“When I was 38 I contemplated beginning a two year Associates Degree in Radiography. I was talking to a friend and had almost talked myself out of doing it. I said ‘I’m too old to start that. I’ll be 40 when I get my degree.’ My friend said ‘If you don’t do it, you’ll still be 40, but without the degree.’ I’m nearly 60 now, and that degree has been the difference between making a decent living, and struggling to get by.”
“When I was young and having what I thought was a serious relationship talk with my first real SO, I told her that I just wanted to find the right person.
Without missing a beat she said, ‘Everybody is looking for the right person, and nobody is trying to be the right person.’
That stopped me in my tracks.”
“My mom was dying. A friend told me ‘you have your whole life to freak out about this– don’t do it in front of her.’
It really helped me to understand that my feelings are not always what’s important. It IS possible to delay a freakout, and that skill has served me innumerable times.”
“I was 13 years old, trying to teach my 6 year old sister how to dive into a swimming pool from the side of the pool. It was taking quite a while as my sister was really nervous about it. We were at a big, public pool, and nearby there was a woman, about 75 years old, slowly swimming laps. Occasionally she would stop and watch us. Finally she swam over to us just when I was really putting the pressure on, trying to get my sister to try the dive, and my sister was shouting, ‘but I’m afraid!! I’m so afraid!!’ The old woman looked at my sister, raised her fist defiantly in the air and said, ‘So be afraid! And then do it anyway!’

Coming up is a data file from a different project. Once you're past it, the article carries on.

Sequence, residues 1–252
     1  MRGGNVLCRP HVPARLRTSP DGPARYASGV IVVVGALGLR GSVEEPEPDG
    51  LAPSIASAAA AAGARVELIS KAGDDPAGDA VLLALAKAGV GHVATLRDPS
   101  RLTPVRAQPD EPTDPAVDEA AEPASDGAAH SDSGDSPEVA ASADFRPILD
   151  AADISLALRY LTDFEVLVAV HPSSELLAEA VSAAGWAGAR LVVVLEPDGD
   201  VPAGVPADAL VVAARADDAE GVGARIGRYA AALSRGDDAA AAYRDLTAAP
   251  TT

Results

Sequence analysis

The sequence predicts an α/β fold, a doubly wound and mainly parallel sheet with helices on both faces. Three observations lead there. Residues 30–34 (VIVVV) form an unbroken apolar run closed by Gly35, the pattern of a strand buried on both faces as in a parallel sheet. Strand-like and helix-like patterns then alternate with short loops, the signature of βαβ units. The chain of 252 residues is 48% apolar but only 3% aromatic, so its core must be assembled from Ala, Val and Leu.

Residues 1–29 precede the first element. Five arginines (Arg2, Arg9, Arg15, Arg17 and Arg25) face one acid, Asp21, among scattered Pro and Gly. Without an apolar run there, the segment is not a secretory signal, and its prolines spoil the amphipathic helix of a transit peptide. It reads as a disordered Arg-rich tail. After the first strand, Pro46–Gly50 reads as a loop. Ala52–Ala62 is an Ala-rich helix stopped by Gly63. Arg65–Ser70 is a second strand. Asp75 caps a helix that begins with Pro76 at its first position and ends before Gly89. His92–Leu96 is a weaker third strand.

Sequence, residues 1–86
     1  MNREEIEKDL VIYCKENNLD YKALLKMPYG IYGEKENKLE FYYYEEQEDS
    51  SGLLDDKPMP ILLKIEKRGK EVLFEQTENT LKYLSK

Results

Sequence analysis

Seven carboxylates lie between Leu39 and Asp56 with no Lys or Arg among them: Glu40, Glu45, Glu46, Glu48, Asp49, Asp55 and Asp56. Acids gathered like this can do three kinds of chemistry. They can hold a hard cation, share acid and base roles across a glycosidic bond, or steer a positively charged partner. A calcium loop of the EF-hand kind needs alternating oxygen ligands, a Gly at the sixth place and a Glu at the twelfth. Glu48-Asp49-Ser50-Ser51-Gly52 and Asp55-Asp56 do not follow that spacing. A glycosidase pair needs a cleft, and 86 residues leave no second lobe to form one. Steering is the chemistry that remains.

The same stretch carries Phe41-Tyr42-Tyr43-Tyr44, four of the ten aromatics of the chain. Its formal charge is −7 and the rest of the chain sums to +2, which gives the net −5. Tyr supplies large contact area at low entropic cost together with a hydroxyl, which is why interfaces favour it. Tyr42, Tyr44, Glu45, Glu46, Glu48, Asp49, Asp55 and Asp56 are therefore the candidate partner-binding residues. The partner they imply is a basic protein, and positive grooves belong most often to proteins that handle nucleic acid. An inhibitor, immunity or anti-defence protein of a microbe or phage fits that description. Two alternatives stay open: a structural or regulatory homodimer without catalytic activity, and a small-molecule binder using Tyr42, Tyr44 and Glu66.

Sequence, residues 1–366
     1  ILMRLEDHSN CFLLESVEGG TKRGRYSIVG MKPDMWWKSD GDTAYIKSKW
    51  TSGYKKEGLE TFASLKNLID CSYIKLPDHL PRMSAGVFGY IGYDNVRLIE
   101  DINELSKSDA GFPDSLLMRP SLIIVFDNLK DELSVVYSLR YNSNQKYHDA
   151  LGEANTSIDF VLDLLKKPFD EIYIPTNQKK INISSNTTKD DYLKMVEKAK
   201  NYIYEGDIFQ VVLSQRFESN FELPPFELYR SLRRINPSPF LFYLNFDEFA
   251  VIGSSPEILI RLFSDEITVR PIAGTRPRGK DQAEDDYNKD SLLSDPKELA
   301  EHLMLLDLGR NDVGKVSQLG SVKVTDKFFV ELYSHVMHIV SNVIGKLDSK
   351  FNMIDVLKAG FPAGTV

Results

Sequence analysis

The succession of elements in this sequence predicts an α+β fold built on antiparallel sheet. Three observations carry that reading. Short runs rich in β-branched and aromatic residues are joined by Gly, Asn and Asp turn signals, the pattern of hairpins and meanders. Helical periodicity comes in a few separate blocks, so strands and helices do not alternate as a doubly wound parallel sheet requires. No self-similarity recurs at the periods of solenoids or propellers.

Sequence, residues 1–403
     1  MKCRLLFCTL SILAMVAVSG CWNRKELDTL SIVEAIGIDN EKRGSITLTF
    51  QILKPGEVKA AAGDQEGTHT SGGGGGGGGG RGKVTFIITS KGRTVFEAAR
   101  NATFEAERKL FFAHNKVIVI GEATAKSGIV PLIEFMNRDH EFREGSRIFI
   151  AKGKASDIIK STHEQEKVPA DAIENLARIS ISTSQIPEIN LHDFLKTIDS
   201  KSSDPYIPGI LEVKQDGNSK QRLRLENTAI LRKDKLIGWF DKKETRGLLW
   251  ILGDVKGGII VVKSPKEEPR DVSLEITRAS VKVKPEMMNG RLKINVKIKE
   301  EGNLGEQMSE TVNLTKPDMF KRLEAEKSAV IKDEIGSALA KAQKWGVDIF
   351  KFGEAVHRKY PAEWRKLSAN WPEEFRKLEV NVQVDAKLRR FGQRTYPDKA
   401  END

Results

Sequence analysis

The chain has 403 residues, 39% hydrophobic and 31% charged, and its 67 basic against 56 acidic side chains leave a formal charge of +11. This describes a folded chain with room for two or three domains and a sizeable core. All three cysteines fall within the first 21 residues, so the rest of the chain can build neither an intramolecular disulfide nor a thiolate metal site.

That was 35 years ago and I have never forgotten it. It was a revelation — it’s not about being unafraid. It’s about being afraid and doing it anyway.”
“‘It’s only embarrassing if you’re embarrassed.’
Changed my life forever.”
“I met a person who was in a wheelchair. He related a story about how a person once asked if it was difficult to be confined to a wheelchair.
He responded, ‘I’m not confined to my wheelchair – I am liberated by it. If it wasn’t for my wheelchair, I would be bed-bound and never able to leave my room or house.’”
“The person that you will spend the most time with in your life is yourself, so try to make yourself as interesting as possible.”
“I’m the oldest of three kids. I’m older than my little brother by 2.5 years and my little sister by 9.5. When I was about fourteen or so, arguing with my dad in private about something I don’t remember, he, being the second-oldest of eight kids, told me:
Any decision you make in this household, you make three times. Once when you make it, once when your brother makes the same decision after watching you do it, and once when your sister makes the same decision after watching you and your brother do it. How you treat your brother will tell him how he can treat your sister; and how you treat your sister tells her how she will expect to be treated for the rest of her life, even as far as her future boyfriends.
That kinda shook me up and made me rethink my role as the oldest child; I started taking my responsibilities as the role model a lot more seriously after that. Even when you aren’t trying to actively influence those around you, those who look up to and respect you will still base their decisions, in part, on how they’ve seen you handle similar situations. If you break down and get stressed and angry when something inconvenient happens, they’ll feel better doing the same when something similarly small happens to them. But if you keep your cool in a dire situation and under a lot of stress, it can inspire them to believe they can do the same.”
“Don’t be a dick to your dog. He’s a few years of your life, but you are all of his.”
“‘Everyone you meet knows something you don’t.’
My grandfather told me this, and it’s been a good reminder that I am surrounded by teachers.”
“‘Think of a time you were embarrassed, easy right? Now think of a time someone else was embarrassed. It’s a lot harder to do isn’t it?’”